Before the Orphan Train, there were incidents of 600 children begging for food in an orphanage. Of the 6 people who attended this re-union, many stories were told of their lives. There were children who were taken in by families who would send them back within a few months, just to have those children taken in by another family. Some families would make them work on the farms till harvest time, then send them on their way. They were rejected because of differences among children already living in the homes.

In the 1870's the nuns of New York's Founding Hospital were finding up to 1,000 babies a year on their doorstep.

In our hobby of railroading were finding out new ways each day the railroad plays a big part in history. Well, this is one part I didn't know about.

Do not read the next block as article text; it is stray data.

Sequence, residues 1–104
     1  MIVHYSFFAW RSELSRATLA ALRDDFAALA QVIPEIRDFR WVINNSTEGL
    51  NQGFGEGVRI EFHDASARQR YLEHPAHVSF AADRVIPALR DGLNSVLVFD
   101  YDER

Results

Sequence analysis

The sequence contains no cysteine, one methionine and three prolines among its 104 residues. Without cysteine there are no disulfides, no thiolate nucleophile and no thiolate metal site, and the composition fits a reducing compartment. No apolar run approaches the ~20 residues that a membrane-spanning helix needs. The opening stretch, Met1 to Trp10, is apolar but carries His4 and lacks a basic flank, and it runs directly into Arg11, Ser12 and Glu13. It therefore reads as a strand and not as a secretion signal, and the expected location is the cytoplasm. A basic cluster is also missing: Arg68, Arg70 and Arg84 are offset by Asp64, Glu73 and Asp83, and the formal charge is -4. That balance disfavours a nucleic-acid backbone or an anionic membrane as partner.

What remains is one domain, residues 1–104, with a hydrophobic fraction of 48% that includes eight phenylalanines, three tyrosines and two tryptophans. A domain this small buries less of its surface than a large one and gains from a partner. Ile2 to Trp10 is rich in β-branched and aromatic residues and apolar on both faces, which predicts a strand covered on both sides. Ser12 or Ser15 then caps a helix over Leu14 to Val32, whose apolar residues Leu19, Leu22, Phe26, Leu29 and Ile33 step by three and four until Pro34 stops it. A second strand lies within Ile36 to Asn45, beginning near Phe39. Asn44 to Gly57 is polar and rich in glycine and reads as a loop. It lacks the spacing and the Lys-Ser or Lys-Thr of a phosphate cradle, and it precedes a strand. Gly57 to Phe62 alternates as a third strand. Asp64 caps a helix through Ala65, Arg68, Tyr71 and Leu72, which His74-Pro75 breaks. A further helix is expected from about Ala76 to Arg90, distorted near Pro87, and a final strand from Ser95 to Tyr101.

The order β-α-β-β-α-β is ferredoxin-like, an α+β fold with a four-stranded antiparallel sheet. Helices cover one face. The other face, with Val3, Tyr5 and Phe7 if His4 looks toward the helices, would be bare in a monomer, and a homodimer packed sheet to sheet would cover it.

FEATURE FILM: Orphan Train (1979)--A social worker in 1850s New York must overcome many obstacles as she tries to move a group of orphan children to the West by train. Moving family drama stars Jill Eikenberry, Kevin Dobson and Linda Manz; look for an early turn by Glenn Close. 138 min. Director: William A. Graham Cast: Glenn Close, Kevin Dobson, Jill Eikenberry, Linda Manz Rated: NR Color.

A PARTIAL LIST OF INSTITUTIONS THAT ORPHAN TRAIN CHILDREN CAME FROM

The following is a "partial" list of "New York area" institutions that had provided "orphans" to be sent west to new homes on the Orphan Trains. If you have an ancestor who spent time in one of these "homes", and ended up in Kansas, it is likely that they are an Orphan Train Rider.

Angel Guardian Home
Association for Befriending Children & Young Girls
Association for Benefit of Colored Orphans
Baby Fold
Baptist Children's Home of Long Island
Bedford Maternity, Inc.
Bellevue Hospital
Bensonhurst Maternity
Berachah Orphanage
Berkshire Farm for Boys
Berwind Maternity Clinic
Beth Israel Hospital